The Greater Accra Passenger Transport Executive (GAPTE), has described as unnecessary plans by some commercial drivers in Accra, to embark on strike over the introduction of the Rapid Bus Transport (RBT) service.
Some commercials in the capital, known as the Committed Drivers Association, say the introduction of the bus service threatens their source of livelihoods as they envisage being thrown out of business by the RBT service.
Public Relations Officer of the Committed Drivers Association, Francis Appiah, told Citi news it was unfair for government to introduce the service without considerations to the negative implications it would have on commercial drivers. “We are the drivers and we know how we are suffering and have been struggling.
We have children and families we feed so you can’t tell me that you are coming to give the buses [RBT] priority so that the buses use a traffic-free way and we follow traffic because of the bus”.
Speaking on the Citi Breakfast Show on Friday, September 16, Roland Bruce, Marketing and Communications Manager of GAPTE, implementers of the RBT project, said there is no reason for commercial drivers to strike over the matter, as collaboration will be maintained with the transport unions to augment the transport services in Accra.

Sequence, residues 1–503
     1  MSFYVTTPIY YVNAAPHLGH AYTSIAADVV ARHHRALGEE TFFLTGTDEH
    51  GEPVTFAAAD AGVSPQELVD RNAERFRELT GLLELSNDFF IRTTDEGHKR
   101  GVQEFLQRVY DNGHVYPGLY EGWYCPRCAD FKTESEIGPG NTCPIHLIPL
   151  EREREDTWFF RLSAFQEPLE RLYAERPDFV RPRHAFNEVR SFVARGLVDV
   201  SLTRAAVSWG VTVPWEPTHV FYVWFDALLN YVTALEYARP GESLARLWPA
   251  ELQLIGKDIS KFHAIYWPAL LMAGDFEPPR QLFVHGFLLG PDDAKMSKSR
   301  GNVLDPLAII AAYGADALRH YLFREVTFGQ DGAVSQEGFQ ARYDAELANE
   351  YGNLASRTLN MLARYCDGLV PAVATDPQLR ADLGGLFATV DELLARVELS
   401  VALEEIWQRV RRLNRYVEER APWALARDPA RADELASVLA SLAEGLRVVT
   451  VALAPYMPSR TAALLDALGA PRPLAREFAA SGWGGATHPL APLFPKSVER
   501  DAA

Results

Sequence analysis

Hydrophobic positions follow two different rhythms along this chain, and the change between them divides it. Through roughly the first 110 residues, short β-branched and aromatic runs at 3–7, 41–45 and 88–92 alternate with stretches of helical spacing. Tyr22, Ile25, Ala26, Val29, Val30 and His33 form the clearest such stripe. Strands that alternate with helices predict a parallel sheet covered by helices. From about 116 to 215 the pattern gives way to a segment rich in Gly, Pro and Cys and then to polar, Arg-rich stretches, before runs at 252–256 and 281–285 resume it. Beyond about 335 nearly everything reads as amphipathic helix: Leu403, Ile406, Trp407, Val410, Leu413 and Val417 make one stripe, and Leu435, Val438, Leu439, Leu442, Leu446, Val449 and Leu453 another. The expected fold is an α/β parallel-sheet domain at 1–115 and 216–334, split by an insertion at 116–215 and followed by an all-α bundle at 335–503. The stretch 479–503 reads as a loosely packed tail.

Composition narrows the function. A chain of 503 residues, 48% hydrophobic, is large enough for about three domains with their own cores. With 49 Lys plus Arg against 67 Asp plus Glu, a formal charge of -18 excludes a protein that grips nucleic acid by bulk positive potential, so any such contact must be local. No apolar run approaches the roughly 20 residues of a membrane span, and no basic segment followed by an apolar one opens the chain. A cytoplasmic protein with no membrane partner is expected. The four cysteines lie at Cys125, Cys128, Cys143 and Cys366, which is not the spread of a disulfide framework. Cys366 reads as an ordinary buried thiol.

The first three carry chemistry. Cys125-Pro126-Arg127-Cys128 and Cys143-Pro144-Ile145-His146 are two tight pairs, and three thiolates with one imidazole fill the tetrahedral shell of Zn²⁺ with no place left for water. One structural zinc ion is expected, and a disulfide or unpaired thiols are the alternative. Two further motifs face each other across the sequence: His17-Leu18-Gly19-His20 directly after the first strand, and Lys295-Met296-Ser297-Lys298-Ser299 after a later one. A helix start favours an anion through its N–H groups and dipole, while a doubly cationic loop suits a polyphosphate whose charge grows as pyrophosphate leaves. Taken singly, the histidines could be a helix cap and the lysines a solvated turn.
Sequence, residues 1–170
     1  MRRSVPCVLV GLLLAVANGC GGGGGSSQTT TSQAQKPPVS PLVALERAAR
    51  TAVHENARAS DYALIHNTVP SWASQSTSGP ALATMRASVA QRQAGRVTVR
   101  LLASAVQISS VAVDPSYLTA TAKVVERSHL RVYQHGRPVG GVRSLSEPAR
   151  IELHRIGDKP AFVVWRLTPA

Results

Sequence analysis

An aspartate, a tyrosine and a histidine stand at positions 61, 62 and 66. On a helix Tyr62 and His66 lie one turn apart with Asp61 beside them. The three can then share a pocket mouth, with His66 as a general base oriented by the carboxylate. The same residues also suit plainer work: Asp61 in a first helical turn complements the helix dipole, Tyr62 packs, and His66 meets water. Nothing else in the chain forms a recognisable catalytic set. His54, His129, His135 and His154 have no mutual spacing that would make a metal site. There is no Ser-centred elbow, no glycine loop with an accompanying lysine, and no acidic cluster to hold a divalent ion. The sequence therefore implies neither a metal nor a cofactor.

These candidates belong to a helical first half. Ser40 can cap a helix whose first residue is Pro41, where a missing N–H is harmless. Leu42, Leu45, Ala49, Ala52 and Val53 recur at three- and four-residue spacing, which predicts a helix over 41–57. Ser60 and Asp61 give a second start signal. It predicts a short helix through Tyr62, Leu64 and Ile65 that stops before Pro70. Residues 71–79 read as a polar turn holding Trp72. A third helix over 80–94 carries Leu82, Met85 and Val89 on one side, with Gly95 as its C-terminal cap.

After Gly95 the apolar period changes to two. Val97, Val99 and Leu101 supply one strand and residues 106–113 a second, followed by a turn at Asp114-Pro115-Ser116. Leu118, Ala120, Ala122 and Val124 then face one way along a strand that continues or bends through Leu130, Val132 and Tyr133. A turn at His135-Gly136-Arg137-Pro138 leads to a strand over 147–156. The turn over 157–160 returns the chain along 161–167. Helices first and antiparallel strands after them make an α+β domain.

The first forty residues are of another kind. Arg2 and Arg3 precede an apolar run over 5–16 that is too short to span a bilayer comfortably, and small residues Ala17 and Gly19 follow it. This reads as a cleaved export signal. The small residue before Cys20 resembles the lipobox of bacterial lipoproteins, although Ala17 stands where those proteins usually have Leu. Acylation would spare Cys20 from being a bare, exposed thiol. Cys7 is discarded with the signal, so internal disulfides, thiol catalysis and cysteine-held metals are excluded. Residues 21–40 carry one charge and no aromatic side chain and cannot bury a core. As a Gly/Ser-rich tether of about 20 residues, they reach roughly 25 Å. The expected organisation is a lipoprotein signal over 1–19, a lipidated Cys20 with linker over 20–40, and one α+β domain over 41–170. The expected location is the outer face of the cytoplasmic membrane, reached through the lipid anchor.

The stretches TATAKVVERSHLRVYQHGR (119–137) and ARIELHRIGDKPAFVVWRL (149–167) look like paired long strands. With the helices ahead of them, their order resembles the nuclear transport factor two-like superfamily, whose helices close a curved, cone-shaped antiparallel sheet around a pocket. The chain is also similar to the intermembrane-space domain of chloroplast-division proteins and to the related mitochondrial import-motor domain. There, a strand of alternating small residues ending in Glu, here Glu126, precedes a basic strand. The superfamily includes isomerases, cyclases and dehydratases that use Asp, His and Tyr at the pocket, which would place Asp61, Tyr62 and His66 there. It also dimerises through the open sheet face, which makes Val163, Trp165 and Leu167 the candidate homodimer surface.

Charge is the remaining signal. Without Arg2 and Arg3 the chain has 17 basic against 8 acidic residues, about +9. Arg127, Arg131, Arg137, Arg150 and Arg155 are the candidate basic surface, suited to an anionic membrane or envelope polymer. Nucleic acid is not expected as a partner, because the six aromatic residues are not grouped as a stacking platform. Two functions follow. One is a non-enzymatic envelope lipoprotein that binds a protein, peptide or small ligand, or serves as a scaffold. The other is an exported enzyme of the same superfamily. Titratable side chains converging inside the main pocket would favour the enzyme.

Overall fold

“Our dialogues included the transport unions, in fact, we are working with these unions. We will have a round-table with them, it is not a matter going on demonstration on this.”
“Dedicated lanes are for the buses and that needs to be understood. If any car can use it, then what is the use of it,” Roland Bruce quizzed.
The RBT service, which is being implemented under the Urban Transport Project, is expected to use some 245 buses that would ply the Accra and Amasaman, Accra and Adentan, Accra and Tema and Accra and Kasoa routes.
The project is funded by the World Bank, Agence Française de Development, government of Ghana, and the Global Environment Facility Trust Fund at a cost of $ 95 million.